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More and more people are cancelling cable and “cutting the cord”, then just using the Internet to watch TV. Most modern flat screen TV’s are equipped with apps, and most of us seem to have at least Netflix and Amazon video – and some have added Hulu. There are also all kinds of devices you can buy, like the Amazon Fire stick, Apple TV, Chromecast, and the Roku. These are all the normal ways people cut the cord and cancel cable.

However, there is something new that’s getting a lot of mainstream attention. There is a gaggle of people who still download things from the Internet to watch. It used to be just movies, but people are also downloading TV shows as well. Yesterday I saw a list of the most pirated shows of 2015 and Big Bang Theory was #2 (and you can watch it on regular broadcast TV for free!). There’s free open source software called KODI which anyone can download and install to create a home theatre PC. A few years back this only would have been possible on a nearly full blown computer. However, phones and tablets are so powerful now – the processors inside them are comparable to what were previously available only in larger computers just a few years back. That’s why Intel announced it’s PC USB stick this year with Windows 10 pre-loaded for just a little over a hundred bucks.

Since KODI is a free OS you can easily download it and install on a wide range of devices yourself. Just type “How to install KODI” and Google auto-complete will show you some examples of what people are already doing:
How to install KODI

While setting up KODI on your own might be easy for a techie, electronics manufacturers are taking advantage of the opportunity to make this easier for the average person. There are dozens and dozens of “KODI boxes” for sale on Amazon for you to choose from. First you may be asking “what does this give me over a Chromecast, Roku, or Firestick?”

How KODI Works

Even though KODI itself is an operating system for PC’s, when you buy a “KODI box” you are purchasing essentially an Android TV streaming media box. This is also probably the best way to explain it to other people when asked. KODI used to be called XMBC (Xbox Media Center). Presumably because it was well liked among gamers, and also because it (I believe) was initially designed as an alternative Linux OS you could install on the original Xbox 1.0 console years back. KODI is free and legal as an OS itself. But much like your phone that has apps, KODI has “add-ons” that can be installed for free. Some are legal, some are sketchy.

People like KODI because it gives you access to content for free that your normally might not even have access to. Outside the normal Neflixy type apps, many cord cutters watch “TV” directly from websites like YouTube, College Humour, Crackle, etc. The advantage of a KODI box is you can install add-ons centered around the communities and content you like best from a single easy to use interface. You can watch content from all over the globe in nearly any language or region, much of it as it happens in live streams. You will literally have the ability to program your KODI box to be whatever you want your cable to be.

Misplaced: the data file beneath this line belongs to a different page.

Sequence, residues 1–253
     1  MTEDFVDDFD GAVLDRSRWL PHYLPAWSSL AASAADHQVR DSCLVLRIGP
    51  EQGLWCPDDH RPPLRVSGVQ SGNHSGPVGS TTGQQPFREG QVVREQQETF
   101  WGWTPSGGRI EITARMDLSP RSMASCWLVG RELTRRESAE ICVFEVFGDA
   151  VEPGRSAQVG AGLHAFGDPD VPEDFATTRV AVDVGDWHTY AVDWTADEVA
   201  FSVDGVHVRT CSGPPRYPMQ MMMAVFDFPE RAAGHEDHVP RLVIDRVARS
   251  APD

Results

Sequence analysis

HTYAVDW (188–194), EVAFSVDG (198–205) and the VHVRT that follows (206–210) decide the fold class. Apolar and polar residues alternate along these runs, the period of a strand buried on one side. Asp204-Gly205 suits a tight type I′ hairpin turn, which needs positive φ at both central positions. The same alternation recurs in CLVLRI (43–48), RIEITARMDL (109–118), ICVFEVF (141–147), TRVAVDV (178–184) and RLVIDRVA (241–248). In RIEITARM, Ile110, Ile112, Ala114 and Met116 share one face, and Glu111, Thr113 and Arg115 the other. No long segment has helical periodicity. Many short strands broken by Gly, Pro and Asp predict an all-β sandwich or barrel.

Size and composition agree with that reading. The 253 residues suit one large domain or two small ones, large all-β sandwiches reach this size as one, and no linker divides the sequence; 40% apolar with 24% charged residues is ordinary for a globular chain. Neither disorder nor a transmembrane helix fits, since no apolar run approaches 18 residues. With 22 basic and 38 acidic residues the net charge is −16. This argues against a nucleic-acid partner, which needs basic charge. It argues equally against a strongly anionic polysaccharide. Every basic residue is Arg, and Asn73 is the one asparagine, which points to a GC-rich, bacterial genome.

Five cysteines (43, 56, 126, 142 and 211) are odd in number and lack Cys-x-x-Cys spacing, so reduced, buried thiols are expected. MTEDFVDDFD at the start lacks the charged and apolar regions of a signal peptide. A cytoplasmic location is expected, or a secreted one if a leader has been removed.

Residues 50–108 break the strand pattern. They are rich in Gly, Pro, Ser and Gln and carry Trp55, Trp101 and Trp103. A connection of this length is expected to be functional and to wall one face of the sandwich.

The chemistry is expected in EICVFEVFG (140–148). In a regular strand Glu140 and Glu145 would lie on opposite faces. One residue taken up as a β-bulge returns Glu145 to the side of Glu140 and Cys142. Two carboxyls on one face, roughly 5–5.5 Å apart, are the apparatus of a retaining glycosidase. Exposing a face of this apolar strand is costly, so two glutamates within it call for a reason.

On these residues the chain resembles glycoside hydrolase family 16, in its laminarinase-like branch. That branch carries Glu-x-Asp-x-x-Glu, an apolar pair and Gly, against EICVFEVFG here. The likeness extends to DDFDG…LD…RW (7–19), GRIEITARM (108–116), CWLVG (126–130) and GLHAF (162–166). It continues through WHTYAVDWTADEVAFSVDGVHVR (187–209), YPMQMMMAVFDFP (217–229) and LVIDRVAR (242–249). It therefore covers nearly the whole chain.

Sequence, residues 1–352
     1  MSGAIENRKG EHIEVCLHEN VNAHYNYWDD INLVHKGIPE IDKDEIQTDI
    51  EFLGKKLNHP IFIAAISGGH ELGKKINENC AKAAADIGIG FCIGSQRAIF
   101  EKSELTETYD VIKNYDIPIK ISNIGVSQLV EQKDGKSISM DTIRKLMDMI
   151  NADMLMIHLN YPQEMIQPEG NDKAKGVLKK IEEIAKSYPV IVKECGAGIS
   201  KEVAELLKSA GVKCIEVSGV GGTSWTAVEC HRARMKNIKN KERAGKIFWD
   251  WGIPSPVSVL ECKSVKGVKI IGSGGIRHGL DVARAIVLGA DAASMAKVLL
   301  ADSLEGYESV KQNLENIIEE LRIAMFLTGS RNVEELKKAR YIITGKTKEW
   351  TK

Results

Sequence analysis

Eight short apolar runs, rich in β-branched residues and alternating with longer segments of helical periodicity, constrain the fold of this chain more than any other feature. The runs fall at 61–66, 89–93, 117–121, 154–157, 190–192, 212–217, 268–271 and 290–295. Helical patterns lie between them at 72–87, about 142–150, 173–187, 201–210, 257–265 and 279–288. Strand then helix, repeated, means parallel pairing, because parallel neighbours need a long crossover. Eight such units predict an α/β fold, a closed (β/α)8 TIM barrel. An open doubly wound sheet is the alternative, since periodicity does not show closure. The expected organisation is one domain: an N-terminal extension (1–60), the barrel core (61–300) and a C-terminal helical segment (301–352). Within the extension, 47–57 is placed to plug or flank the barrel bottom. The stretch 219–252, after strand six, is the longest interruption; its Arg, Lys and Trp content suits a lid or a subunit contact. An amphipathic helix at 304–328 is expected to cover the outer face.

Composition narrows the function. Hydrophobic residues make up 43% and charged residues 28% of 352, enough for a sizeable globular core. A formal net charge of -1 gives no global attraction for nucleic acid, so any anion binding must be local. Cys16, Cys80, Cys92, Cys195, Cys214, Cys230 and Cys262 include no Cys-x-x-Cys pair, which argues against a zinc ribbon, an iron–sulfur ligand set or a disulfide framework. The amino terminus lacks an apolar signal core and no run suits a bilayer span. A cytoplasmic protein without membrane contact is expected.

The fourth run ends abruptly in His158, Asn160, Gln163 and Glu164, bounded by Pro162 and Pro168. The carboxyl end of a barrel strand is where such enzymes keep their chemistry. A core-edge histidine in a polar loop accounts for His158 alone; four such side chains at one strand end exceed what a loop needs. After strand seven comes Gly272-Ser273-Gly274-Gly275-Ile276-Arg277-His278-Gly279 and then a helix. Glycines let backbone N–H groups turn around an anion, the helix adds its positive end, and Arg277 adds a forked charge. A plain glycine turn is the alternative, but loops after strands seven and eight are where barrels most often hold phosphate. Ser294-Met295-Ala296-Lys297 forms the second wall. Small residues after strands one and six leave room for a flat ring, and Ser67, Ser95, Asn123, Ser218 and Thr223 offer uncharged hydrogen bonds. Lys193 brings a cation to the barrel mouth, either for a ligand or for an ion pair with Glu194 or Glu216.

If you get a KODI box, you could for example install the “Super Repository” to gain access to easy installation of as many add-ons as possible:

Purchasing a KODI Box

If you start to search for a KODI box to purchase you might be overwhelmed by all of the different options and prices. I would make a few recommendations:

  • Get a package that includes a remote: We will show show examples below with remotes, you really need one to take full advantage of the system
  • Get enough processing power: If an extra $10-$20 doubles your processing or video power don’t scrimp. You’ll likely be using this device a lot, get something quad core or better
  • Video counts too: Looking toward the future you might want to get one that’s 4K UHD right now so you don’t have to buy again when you get a better TV
  • Be conscious of storage limits: Either make sure your device has enough internal storage for your future use or note how expandable it is. With a KODI box you can watch TV online, but you can also utilize any media you have of your own (pictures, music, video). So be aware of how much you might need, or at least the limits of the available ports. Some might only allow 32-64GB SD cards, and others might have a USB 3.0 port you can attach a 5TB hard drive to.
  • Get the latest version of Android: Don’t buy a KODI box with an older version of Android – you might miss out on the latest features! As of this writing you want at least Android 5.x, but certainly don’t buy a KODI box with any of the Android 4.x flavors (which are severely outdated)

Here’s a KODI box you can get for $75, that has Android Lollipop 5.1, 1GB RAM and 8GB internal storage. It has all the ports to expand and add via SD and/or USB. The box is only $60 when you consider that the included keyboard cost $15 by itself. It’s capable of video display up to UHD 4K, and has a quad core CPU.

Kodi box Android 5.1

Here’s an Octacore KODI box for just $80, but again – you can get a killer keyboard for just $15.

Octacore KODI box.

I’ve given you just a few examples. There are literally hundreds of KODI boxes for sale on Amazon. I’ve also given you most of the criteria to look for (be sure to get gigabit LAN too), but reading the reviews will help a lot as well.

Good luck cutting your cable cord!